Is being introverted a career stopper?
Monday, June 25, 2012/
One of the inescapable facts of the workplace is that you have to work and interact with other people.
We are constantly being pushed to do this more often and more effectively. As your career gathers steam you meet more people and are required to influence more people. All of this points towards being an extrovert. Does this mean you have to be extroverted to be successful in business?
An introvert is someone who is happier and more relaxed in comfortable and familiar social situations, preferring not to stand out from the crowd. This personality type is not fundamentally afraid of social situations, but typically finds them to be quite an effort.
The extrovert, on the other hand, loves new interactions and new situations. Being singled out in a crowd is a source of excitement for them, and social gatherings, particularly with new people, are energizing.
When is it helpful to be an introvert?
It may seem strange to suggest that introversion can be helpful to a career as there is such an emphasis on new interactions, but introverts offer some great value to teams. One thing they do well is consolidate existing relationships. So, although the initial relationship building skills may be lacking, these people create a very strong, tight network of people around them.
When is it damaging?
Being an introvert can be very damaging when it is coupled with anxiety. Introverts that feel pressured to be more outgoing and gregarious in new social situations can move into a perpetuating cycle of embarrassment and increasing shyness.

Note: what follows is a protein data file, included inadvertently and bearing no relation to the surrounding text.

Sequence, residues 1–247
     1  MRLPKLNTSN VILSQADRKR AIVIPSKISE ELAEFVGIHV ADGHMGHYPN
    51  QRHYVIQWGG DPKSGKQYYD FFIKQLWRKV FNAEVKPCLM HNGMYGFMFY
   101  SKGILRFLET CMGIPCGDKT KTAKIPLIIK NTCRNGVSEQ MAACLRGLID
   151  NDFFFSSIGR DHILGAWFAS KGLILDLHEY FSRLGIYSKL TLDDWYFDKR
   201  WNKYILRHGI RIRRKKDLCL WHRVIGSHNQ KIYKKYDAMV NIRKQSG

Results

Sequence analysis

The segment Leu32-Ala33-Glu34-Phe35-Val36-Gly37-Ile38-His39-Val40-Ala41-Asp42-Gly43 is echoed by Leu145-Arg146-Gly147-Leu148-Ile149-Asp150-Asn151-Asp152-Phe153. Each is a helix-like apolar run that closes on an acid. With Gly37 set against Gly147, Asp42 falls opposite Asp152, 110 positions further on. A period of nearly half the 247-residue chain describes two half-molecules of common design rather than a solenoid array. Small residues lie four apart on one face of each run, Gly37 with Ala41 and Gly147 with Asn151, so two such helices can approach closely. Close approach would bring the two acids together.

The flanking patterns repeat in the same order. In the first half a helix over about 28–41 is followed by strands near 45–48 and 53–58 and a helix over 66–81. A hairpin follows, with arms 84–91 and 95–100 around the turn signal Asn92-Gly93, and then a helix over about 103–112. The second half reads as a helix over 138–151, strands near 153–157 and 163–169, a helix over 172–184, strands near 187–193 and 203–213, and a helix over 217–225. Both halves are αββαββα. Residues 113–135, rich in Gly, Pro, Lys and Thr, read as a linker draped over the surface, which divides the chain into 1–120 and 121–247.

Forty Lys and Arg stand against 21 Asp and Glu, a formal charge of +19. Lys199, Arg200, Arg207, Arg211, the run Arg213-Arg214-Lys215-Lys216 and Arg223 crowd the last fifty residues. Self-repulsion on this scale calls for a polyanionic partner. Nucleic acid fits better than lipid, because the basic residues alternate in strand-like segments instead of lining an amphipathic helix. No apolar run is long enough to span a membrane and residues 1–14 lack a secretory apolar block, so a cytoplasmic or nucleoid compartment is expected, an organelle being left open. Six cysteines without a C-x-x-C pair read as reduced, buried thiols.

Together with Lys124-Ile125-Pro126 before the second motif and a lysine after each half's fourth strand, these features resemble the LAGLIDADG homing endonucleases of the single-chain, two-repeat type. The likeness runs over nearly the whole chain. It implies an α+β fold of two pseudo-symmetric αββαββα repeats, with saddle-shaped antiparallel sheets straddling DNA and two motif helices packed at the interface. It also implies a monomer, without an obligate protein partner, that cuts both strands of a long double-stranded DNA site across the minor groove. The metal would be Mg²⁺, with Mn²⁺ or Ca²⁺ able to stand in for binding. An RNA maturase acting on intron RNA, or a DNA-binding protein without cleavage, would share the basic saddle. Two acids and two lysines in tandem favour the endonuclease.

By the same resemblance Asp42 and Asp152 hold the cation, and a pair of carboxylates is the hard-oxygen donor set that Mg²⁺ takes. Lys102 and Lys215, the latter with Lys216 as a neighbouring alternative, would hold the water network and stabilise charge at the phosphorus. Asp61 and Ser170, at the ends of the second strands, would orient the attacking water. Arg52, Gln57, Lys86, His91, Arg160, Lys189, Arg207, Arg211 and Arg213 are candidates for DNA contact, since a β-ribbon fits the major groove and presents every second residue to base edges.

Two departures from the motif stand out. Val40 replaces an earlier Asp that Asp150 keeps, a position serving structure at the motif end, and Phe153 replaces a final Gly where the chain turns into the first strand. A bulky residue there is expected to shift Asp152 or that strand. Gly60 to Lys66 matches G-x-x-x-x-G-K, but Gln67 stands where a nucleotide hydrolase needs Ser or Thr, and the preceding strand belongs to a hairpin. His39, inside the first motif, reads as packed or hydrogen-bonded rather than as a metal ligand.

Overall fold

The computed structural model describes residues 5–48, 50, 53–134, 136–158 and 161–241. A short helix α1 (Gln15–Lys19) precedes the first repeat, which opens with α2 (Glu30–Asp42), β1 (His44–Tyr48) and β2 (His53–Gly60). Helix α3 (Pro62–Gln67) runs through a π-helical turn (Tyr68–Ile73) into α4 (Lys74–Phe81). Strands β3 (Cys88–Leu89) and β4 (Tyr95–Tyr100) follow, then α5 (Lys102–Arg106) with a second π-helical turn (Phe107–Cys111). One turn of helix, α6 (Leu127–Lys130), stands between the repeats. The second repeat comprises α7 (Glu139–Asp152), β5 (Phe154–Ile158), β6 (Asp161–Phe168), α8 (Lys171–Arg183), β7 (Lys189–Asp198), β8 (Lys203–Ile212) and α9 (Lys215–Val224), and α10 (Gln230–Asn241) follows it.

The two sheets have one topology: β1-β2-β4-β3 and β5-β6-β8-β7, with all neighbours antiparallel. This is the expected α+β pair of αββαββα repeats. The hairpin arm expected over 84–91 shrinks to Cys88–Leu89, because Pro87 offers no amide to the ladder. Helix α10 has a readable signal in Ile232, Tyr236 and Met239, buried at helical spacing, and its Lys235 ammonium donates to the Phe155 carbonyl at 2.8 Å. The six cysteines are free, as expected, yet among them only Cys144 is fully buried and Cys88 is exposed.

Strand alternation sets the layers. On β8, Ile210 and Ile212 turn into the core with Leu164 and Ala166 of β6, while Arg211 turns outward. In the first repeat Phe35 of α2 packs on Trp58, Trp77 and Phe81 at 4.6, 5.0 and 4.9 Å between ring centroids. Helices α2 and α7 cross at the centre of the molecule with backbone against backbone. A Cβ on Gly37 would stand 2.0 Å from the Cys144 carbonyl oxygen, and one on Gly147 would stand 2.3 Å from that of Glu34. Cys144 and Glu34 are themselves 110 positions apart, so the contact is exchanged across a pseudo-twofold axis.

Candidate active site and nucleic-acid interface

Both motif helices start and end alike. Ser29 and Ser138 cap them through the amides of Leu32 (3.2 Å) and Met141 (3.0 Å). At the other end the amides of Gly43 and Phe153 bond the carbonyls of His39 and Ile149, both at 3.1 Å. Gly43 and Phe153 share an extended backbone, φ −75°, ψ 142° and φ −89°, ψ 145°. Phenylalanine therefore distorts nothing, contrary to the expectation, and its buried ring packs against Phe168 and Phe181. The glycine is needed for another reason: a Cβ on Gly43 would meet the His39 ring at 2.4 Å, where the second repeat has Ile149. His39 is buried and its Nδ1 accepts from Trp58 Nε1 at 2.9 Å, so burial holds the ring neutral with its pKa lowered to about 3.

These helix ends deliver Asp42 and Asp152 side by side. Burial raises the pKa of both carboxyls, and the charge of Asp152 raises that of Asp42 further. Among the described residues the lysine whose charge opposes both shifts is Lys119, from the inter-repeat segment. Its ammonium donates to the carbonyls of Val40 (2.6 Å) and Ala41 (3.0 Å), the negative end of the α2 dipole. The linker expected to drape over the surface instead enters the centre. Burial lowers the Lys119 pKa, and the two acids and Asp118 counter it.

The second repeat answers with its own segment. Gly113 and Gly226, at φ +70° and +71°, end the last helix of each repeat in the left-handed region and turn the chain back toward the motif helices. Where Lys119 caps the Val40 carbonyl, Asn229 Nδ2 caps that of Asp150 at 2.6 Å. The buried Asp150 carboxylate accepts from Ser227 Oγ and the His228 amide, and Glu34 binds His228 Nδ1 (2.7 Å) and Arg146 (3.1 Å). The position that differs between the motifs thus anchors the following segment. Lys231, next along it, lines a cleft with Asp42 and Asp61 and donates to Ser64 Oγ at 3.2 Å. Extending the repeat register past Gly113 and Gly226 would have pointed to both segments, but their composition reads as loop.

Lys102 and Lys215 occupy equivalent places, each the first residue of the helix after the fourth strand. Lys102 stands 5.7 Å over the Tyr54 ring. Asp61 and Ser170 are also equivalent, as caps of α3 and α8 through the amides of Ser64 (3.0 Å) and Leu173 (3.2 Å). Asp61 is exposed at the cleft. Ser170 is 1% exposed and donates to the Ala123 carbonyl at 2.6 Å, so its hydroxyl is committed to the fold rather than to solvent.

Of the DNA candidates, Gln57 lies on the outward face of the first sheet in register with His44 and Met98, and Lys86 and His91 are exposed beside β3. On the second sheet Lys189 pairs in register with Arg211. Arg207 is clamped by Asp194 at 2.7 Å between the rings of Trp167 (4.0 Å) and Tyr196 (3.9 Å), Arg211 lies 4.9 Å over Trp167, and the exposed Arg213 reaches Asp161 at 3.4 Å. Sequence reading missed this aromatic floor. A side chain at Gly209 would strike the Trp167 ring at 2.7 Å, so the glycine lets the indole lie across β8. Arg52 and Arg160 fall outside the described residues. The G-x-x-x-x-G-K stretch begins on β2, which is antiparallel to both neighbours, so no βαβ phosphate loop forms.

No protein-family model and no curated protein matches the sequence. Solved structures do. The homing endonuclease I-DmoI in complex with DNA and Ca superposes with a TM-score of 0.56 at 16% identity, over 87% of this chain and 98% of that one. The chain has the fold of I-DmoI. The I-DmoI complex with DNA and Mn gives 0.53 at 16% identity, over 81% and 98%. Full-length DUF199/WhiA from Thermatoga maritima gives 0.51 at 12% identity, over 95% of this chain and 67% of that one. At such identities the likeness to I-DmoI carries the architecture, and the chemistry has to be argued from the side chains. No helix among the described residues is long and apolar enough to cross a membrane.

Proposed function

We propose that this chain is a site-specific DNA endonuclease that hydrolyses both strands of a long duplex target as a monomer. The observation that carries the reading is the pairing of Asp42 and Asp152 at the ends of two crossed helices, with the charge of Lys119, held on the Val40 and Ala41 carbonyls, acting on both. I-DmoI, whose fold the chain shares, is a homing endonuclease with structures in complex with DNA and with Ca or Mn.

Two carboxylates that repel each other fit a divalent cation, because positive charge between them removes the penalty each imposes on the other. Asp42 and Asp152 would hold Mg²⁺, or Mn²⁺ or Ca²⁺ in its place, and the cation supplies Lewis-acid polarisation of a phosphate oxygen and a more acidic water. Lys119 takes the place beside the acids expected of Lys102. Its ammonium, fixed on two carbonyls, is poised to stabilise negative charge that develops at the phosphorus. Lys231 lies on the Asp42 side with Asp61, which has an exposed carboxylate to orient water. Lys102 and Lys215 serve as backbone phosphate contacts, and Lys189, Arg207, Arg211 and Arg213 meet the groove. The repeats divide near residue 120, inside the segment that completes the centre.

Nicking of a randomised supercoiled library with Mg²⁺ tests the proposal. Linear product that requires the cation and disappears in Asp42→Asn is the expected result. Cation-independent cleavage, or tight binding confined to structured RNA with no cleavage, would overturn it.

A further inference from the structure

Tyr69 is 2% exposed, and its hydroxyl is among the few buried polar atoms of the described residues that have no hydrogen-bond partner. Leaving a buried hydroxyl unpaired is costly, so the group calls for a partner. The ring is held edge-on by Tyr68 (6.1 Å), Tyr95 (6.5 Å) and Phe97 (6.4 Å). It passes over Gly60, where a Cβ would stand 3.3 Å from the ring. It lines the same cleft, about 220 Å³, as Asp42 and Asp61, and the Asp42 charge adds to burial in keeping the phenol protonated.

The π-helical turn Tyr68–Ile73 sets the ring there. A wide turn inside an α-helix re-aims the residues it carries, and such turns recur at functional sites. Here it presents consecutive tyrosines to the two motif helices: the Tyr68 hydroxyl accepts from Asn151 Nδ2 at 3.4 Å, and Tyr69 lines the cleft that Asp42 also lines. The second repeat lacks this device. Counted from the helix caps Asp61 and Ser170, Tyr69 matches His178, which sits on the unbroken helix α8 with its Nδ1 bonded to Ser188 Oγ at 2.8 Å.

It is less damaging when the introvert learns to cope with these pressures and handles these interactions differently. When an introvert accepts that they don’t have to be extroverted, or at least they only have to adopt extrovert behaviours on rare occasions, the social anxiety can reduce to manageable levels.
Can you change your profile?
Personality has two sides: inherited traits and learned behaviour. The inherited traits are those that persist over time and seemingly existed as soon as you entered the world. The learned behaviour is the way you respond, both cognitively and behaviourally. Social situations provide a complex web of feedback signals and we are subject to thousands of different interpretations.
Changing your extraversion/introversion profile is possible. There are a set of behaviours that are considered extrovert: public speaking, meeting new people, etc. An introvert can adopt these behaviours, although it will be uncomfortable and less enjoyable. These are learned behaviours that you can change intentionally – the resultant feelings however will be much more difficult to adjust.
And then there is the virtual world where some introverts thrive because they can reach out and be sociable without leaving their screen!
There is a false view that introverts are socially backward people who are too overcome with anxiety to exhibit the normal range of social skills. Although true in some instances, it’s much more likely that the introvert simply doesn’t enjoy social situations as much. In fact, many extroverts are just as insecure, but reach out for social validation to remedy this.
Extraversion/introversion is a very different field to anxiety and emotional stability. The two should never be confused with each other.
Where does this intersect with leadership?
Leaders are often assumed to be extroverts, but again this isn’t always the case. Great leaders are often people that don’t set out to be great leaders – they just have a very strong vision and adhere consistently to their values. This kind of integrity is usually strong enough to draw people together and create a following. Although extroverted behaviours help, especially with assertiveness and delivering a message for others to follow, leadership is not the sole domain of the extrovert.
Overall, leadership and social encounters are experienced very differently across the spectrum of extroversion. When you begin to understand your own behaviours and thought processes you can direct your learned behaviours in ways that consolidate and further your career.